A couple of weeks after I found out my husband and I were expecting our first child, we lost our health insurance. We were disappointed, as is to be expected. I had been excited about going forth with my prenatal check-ups with a doctor I had chosen for her directness, serious demeanor, and expertise.
Due to our sudden shift in income, we qualified for Medicaid, and I was eligible for WIC [Special Supplemental Nutrition Program for Women, Infants and Children] benefits. When I first visited the WIC clinic, I was greeted by my caseworker. After filling out important paperwork, she went over my options for doctors and midwives. She spoke of each professional with respect and honesty. She shared with me the various options I could choose from. I was a little surprised that I had choices. Once I selected the professional I wanted to visit, my caseworker picked up the phone and made my first appointment. I wanted to open my arms and embrace her.
She then pulled out a pamphlet about the nutrition that I needed as a pregnant woman. She talked me through it and answered all of my questions. She then informed me of the WIC monthly vouchers. I would be able to receive foods with essential nutrients for my body and my baby. The assistance I received made me feel loved and important. It gave my husband and me more faith in our belief that everything was going to be alright. And that faith fed our determination to succeed.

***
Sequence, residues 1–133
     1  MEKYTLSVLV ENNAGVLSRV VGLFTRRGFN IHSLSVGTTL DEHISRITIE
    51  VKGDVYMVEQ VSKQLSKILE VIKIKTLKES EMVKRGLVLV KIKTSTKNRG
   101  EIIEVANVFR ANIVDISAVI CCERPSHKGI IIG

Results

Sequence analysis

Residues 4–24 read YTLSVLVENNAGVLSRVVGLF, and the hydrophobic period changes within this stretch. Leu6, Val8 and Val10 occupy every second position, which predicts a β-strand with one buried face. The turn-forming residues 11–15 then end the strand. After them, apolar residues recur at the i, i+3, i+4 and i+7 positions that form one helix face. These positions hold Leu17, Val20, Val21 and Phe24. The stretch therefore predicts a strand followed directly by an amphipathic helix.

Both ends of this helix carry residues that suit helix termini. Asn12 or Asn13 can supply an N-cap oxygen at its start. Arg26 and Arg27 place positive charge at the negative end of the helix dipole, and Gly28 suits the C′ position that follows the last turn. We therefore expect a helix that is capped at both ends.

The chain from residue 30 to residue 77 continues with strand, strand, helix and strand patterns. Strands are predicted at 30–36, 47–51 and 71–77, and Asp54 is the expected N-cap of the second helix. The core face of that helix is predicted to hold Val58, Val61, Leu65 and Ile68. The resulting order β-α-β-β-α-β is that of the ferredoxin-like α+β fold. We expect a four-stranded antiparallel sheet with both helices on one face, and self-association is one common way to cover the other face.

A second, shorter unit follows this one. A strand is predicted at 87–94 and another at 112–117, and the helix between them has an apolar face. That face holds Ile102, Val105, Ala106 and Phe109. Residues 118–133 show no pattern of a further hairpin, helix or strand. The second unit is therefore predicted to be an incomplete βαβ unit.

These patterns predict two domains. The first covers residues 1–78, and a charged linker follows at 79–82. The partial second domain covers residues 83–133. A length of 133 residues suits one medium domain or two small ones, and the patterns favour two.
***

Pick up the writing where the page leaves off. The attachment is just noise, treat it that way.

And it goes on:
When I looked around the WIC clinic, I saw that I was among a community of women that cared for each other. Different generations, complexions, languages, and experiences—all of us present to keep ourselves and our families healthy. We all believed in that, whether we were there to help or to receive help. We all believed that everyone has the right to live a healthy life, and that a healthy life begins during the period from the start of a woman’s pregnancy until her child’s second birthday—the crucial 1,000 days.
Amanda Bornfree, from Chicago, Illinois, is a strong advocate for WIC.
FACT: Although 81.3 percent of eligible infants are enrolled in WIC, the program reaches just 47.3 percent of eligible children ages one to four. (USDA, “WIC Eligibles and Coverage, 1994 to 2007: Estimates of the Population of Women, Infants and Children Eligible for WIC Benefits”, 2009.)